Bila Hora, Czech Republic (1620 AD)
The Battle of White Mountain was the first great military engagement of the Thirty Years War. An important victory for the Catholic armies of the Hapsburg Empire, White Mountain ended the Bohemian Revolt and left the Protestants in Germany on the defensive for the better part of the next decade. Although it was ultimately not a conclusive end to the war, it did effectively crush the Protestant movement in what is now the Czech Republic indefinitely.
In the century since Martin Luther defiantly challenged the authority of the Roman Catholic Church in 1517, more and more countries and territories in Northern and Central Europe were abandoning the authority of the Papacy ion favor of the various Protestant movements. Religious wars had already been raging across Europe as the Church, aided by the Hapsburg kingdoms in Austria and Spain, sought desperately to stamp out the fires.
In 1618, the Thirty Years War, the greatest of the religious conflicts, broke out in Central Europe. It started in Prague on May 23, when several Catholic officials were tossed out of the castle window by a mob of Protestants. This kicked off the Bohemian Revolt, the first stage of the war. Within a year most of Bohemia was up in arms.
In 1620, the Hapsburg emperor Ferdinand II determined to crush the revolt. Raising armies in Germany and Spain, the Hapsburgs launched a campaign in Bohemia under the leadership of the empire’s best commander, Field Marshall Tilly. By the autumn most of Bohemia was back under imperial, and Catholic, control. However, in November, the main body of Protestant troops prepared to make a stand before Prague.
The two sides met at White Mountain, and the result was a disaster for the Protestants. Although they had a slight numerical advantage as well as control of the high ground, the Protestants were largely poorly trained, poorly led peasants backed by companies of underpaid mercanaries. The Catholic armies consisted mostly of professional troops. The battle was short and decisive, though there wre significant casualties on both sides. After Prague was secured, Bohemia remained solidly under imperial and papal control for the next three hundred years.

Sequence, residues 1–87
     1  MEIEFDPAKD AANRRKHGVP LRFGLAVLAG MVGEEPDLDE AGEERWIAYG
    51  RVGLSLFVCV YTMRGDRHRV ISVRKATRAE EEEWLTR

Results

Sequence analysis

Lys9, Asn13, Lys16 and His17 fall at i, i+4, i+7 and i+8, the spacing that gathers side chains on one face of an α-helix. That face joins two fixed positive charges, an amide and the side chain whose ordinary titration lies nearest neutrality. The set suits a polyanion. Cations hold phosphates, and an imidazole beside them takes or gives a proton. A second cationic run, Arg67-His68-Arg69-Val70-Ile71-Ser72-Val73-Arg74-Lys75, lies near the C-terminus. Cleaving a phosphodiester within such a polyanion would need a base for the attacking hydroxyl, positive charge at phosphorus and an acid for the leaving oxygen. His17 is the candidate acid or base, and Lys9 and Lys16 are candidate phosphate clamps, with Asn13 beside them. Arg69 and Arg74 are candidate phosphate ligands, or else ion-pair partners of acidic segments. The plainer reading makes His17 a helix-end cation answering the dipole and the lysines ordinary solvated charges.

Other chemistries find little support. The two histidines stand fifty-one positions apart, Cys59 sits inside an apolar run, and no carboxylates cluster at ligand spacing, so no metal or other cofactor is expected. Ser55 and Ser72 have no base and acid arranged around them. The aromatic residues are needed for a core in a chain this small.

The White Mountain Battlefield is now now largely built over, but some parts are still open, including what used to be a hunting park. The large stone marker at the top of the hill commemorates the battle site. The other most popular destination related to the battle is the site where 27 leaders of the rebellion were killed after the battle.
White Mountain is located in the center of Bila Hora, a suburb approximately three miles west of the city center of Prague. The battlefield monument is an open site. The location where the leaders was executed is in Prague’s town square, and 27 white crosses are embedded in the ground where the execution took place. There is no charge for admission to either location. Web: www.praguewelcome.cz (official tourism website of Prague).
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issue. I really like all the points you made.
Howard Kramer says
I can never get enough history.